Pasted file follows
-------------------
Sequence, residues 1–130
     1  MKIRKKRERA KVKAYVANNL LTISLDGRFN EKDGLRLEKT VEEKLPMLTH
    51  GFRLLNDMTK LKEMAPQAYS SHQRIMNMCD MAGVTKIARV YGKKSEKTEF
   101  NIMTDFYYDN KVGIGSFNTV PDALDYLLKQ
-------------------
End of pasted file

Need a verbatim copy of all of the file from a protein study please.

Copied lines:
Sequence, residues 1–130
     1  MKIRKKRERA KVKAYVANNL LTISLDGRFN EKDGLRLEKT VEEKLPMLTH
    51  GFRLLNDMTK LKEMAPQAYS SHQRIMNMCD MAGVTKIARV YGKKSEKTEF
   101  NIMTDFYYDN KVGIGSFNTV PDALDYLLKQ